and a reason to visit and carry out a transaction. The strategy will be
to outflank competitors in order to grab market share for world cup
online traffic.

To summarise the Objectives set, specific questions have also


been raised below to be considered within the strategy:

Increase brand visibility from April 2015 through to July 2015. To be


measured through Google analytics. Increase the brand presence
within identified online channels that target the football fan
audience. What is the most cost-effective route to market? Are we
reaching our key customer segments? Where can the brand name get
increased exposure? Research our competitors and understand what
online marketing tools they are using as well as not utilising and take
a first mover advantage.

Achieve 50% of existing customers to service their online account by


July 2015. Understand our existing customer database and how they
interact with the website.

Increase email frequency from one email per quarter to one email
per week from May 2015 through to July 2015. How is the company
currently communicating with its existing customer database? Who of
our competitors have implemented a communication with their
customers?

Dave Chaffey recommends you use this type of table to summarise


how you link or align strategy with objectives.

Stage 4. Tactics

Tactics cover the specific tools of the digital mix that you plan to use
to realize the objectives of your digital marketing plan. The strategy
section should also identify which segments of the market you aim to
target with your plan.

We have already identified Company X will be focusing on its key


strengths: product range, organizational structure and global
operations (as detailed in the SWOT analysis) whilst remaining
realistic to its lack of financial resources in comparison to the
competition.

It is recommended Company X develop a microsite geared for the


World Cup which will provide a dedicated section used to service the
customer base and to meet and service the objectives set for the
strategy. Competitor research was completed in stage 1, situation
analysis, and a microsite will act as a key differentiator from the
competition and provide the foundation to meeting the objectives of
the strategy.

To summarise the Objectives set, specific questions have also been


raised below to be considered within the strategy:

Objective 1. Engagement: Achieve 50% of existing customers to


service their online account by July 2015.
Objective 2 Acquisition: Increase brand visibility from April 2015
through to July 2015. To be measured through Google analytics.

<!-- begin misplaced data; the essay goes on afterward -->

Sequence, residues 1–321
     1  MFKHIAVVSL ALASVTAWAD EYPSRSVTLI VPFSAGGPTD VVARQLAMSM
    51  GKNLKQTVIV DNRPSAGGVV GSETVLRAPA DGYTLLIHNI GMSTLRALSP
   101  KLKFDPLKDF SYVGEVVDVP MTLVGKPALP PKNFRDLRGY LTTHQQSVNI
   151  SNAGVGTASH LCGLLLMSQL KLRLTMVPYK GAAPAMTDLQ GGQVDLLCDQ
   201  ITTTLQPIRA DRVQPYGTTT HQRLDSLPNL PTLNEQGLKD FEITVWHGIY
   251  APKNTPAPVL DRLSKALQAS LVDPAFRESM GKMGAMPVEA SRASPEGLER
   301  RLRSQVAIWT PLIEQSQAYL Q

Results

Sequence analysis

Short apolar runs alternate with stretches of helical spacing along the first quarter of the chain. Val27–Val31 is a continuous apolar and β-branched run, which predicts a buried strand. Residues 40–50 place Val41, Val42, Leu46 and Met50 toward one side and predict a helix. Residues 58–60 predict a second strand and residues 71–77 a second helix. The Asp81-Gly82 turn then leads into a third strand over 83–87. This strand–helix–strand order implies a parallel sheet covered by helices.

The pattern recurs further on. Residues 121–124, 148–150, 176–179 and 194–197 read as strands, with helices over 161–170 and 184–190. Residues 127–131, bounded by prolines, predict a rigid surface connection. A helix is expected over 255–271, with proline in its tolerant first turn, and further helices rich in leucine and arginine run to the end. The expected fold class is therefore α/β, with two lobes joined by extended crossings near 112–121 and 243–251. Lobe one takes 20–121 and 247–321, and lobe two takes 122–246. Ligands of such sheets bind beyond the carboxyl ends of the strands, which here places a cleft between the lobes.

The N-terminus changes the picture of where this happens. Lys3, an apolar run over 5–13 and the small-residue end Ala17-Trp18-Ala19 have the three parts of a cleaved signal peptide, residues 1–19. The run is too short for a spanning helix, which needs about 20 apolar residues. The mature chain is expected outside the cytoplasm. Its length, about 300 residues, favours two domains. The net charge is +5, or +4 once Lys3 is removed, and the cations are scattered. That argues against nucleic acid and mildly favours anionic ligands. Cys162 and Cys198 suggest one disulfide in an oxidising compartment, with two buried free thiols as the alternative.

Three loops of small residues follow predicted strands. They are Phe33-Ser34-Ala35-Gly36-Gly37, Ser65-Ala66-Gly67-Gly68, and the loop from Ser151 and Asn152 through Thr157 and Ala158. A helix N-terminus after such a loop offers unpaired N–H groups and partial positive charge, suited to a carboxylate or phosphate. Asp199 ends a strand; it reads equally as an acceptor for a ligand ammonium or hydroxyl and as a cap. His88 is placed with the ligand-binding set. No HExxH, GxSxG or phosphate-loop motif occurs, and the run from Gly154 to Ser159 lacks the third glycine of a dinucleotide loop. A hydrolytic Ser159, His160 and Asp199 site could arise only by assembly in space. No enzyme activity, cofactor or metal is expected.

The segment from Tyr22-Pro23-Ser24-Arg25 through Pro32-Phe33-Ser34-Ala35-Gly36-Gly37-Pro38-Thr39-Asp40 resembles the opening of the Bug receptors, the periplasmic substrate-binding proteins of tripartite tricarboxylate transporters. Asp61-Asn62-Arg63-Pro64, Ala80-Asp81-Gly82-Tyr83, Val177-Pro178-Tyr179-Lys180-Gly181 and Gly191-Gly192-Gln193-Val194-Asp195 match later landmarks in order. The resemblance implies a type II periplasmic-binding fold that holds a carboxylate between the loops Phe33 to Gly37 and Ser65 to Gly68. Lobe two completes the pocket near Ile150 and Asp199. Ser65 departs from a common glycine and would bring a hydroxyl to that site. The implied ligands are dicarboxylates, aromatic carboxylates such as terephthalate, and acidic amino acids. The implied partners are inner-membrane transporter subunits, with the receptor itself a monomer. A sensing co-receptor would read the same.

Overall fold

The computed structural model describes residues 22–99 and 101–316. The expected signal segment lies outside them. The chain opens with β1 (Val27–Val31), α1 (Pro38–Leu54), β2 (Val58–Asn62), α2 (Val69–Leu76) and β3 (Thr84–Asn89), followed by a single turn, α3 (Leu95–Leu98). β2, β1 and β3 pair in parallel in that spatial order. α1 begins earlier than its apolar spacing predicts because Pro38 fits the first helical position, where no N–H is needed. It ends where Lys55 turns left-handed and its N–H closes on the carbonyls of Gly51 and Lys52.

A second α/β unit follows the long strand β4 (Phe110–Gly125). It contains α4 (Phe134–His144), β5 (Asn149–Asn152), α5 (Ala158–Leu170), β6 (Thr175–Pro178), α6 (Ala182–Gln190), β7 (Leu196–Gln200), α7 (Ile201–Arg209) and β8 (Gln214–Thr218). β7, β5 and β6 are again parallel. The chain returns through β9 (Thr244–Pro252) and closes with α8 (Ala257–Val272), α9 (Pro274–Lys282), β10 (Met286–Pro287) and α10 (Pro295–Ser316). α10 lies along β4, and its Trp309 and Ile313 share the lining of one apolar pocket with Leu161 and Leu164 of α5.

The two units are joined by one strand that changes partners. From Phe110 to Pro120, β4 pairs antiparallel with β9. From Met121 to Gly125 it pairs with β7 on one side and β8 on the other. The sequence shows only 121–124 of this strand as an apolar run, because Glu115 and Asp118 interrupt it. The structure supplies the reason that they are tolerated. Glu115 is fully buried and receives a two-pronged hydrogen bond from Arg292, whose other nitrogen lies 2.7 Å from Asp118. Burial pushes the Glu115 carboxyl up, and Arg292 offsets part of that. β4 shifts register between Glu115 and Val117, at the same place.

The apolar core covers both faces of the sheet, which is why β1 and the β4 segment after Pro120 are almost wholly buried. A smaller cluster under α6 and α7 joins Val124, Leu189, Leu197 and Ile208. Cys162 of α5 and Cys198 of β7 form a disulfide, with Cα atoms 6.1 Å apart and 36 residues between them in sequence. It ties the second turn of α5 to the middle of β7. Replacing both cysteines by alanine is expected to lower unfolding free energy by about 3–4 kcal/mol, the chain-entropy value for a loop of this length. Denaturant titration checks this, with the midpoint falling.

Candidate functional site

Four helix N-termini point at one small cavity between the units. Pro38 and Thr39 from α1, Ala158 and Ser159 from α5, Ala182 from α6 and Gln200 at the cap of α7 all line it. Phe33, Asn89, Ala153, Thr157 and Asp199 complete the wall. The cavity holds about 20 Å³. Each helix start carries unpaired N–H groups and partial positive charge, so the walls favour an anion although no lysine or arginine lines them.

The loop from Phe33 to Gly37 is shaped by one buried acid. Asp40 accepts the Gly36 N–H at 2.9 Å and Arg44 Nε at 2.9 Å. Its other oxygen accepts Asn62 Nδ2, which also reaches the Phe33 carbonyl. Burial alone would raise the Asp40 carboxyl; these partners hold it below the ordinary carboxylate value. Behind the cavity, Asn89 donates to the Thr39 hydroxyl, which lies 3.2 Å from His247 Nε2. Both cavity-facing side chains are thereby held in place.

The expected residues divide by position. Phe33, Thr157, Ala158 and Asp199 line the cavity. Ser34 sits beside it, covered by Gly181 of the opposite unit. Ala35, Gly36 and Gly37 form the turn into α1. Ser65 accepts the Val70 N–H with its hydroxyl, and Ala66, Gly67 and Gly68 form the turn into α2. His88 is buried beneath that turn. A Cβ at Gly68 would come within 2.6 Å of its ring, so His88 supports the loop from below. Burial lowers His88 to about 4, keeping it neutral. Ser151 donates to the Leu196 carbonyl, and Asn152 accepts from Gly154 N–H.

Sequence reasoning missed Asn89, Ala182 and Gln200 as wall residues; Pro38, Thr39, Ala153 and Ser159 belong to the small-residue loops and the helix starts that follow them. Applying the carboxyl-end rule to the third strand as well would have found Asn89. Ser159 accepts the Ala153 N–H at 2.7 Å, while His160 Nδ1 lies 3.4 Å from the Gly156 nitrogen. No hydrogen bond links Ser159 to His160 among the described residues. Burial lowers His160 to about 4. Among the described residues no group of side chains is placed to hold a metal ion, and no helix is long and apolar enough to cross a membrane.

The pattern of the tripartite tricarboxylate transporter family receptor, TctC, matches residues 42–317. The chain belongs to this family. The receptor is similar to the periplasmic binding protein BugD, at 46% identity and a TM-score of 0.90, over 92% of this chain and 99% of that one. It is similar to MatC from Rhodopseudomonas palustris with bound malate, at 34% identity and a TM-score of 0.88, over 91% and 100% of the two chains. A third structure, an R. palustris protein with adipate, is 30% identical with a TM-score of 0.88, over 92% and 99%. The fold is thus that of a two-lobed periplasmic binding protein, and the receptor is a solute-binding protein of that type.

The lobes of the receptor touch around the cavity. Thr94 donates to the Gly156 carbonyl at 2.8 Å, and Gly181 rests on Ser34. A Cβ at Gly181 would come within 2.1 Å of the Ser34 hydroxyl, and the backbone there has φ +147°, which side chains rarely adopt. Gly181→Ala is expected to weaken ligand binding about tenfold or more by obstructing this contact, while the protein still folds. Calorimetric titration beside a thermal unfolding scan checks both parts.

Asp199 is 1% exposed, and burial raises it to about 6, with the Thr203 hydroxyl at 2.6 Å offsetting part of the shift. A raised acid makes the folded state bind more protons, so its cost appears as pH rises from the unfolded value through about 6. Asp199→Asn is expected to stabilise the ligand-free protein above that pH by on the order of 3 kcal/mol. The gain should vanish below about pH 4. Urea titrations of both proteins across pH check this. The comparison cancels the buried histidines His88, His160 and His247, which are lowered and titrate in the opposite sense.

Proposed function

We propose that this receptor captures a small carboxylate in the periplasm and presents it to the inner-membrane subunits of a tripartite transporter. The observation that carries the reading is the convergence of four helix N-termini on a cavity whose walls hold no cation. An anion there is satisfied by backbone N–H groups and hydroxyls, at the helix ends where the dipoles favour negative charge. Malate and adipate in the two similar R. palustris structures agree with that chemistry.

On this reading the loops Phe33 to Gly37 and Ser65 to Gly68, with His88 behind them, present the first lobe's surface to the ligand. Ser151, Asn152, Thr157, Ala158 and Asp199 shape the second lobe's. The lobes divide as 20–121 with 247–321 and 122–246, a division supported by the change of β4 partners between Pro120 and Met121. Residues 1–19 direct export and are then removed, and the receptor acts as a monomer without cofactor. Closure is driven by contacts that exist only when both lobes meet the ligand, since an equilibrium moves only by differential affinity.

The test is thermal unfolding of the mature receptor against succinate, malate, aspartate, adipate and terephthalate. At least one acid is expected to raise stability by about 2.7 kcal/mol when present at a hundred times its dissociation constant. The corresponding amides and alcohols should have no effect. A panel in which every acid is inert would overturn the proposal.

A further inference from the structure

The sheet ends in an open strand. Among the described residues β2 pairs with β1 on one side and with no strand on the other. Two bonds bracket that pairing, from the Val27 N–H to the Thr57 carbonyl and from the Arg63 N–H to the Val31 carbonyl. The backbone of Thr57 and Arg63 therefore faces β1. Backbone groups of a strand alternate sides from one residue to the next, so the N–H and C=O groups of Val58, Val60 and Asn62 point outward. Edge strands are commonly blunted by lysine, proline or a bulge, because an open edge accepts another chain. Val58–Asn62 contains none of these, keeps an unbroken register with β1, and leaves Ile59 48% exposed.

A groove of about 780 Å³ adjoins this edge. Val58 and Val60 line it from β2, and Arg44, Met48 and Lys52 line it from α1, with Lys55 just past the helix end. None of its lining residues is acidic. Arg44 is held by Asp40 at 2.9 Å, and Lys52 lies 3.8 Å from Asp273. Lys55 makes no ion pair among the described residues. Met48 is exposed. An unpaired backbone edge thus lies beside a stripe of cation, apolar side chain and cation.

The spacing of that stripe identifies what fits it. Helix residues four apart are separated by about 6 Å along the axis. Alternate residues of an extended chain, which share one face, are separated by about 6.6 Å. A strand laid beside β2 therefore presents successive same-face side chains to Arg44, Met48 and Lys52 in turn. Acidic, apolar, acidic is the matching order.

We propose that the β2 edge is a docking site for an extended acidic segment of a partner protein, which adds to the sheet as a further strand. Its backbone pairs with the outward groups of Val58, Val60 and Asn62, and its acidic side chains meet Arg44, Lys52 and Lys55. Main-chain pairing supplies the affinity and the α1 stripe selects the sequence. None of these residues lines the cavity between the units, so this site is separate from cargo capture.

Objective 3. Engagement: Increase email frequency from one
email per quarter to one email per week from May 2015
through to July 2015.

Marketing mix to focus on your objectives

To help achieve the objectives above, use the 7PS of the Marketing


Mix to focus on the key attributes to be considered by Company X in
order to meet your objectives. The marketing mix also provides a
checklist of key areas to focus on:

Product – Company X enjoys global accreditation with the leading


sports manufacturers. It therefore needs to ensure sufficient stock
levels have been secured for each team playing at the World Cup
finals.

Price – Review pricing of World Cup products and to ensure it is


consistent to online competitors.

Place – Operating as an online retailer, this provides the main hub


for all stock movements utilizing courier companies to increase
efficiency in delivering stock to the customer in the quickest time
possible.

Promotion – Can utilize many of its online marketing tools available


to utilize its effectiveness in promoting the product range to create a
unique selling point (USP):

Email marketing: Through past purchase history, set up targeted


emails to send to existing customers based on team they
support. Drive team specific promotions within each email e.g.
Buy One Get One Free products, unique discounts on product
lines. Also push refer a friend emails with incentive e.g. Send
this email to five of your friends and if they register you get a
15% discount off your next order.
Online voucher codes: Set up voucher codes that offer a 10%
discount which are time specific to provide reporting (e.g. does
the voucher include an expiry date).
Social Media: Utilise the company accounts to engage with other
football news accounts and provide information on latest World
Cup products and promotions.

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People – Utilise the customer service team to engage with customers


should it be needed to provide support for customers who would like
to answer questions on delivery of their order, tracking their order.
Introduce Live Chat to allow existing and new customers to engage
with staff.

Process – The customer would be directed to the website through a


referral or recommendation. Locate the product of interest and add
to shopping basket. Register your details online and add your credit
card details to complete purchase. The customer will then receive an
automated email response to confirm their registration along with an
email to confirm order. A separate email will be sent to notify the
customer when the order has been despatched.

Partnerships – List important strategic relationships with other


companies that operate in non-competing sectors that have become
an important selling point to differentiate itself from other online
competitors.

Marketing tactics

When completing your own strategy, you would be going into a lot
more detail for each tactic along with specific KPIs for each tactic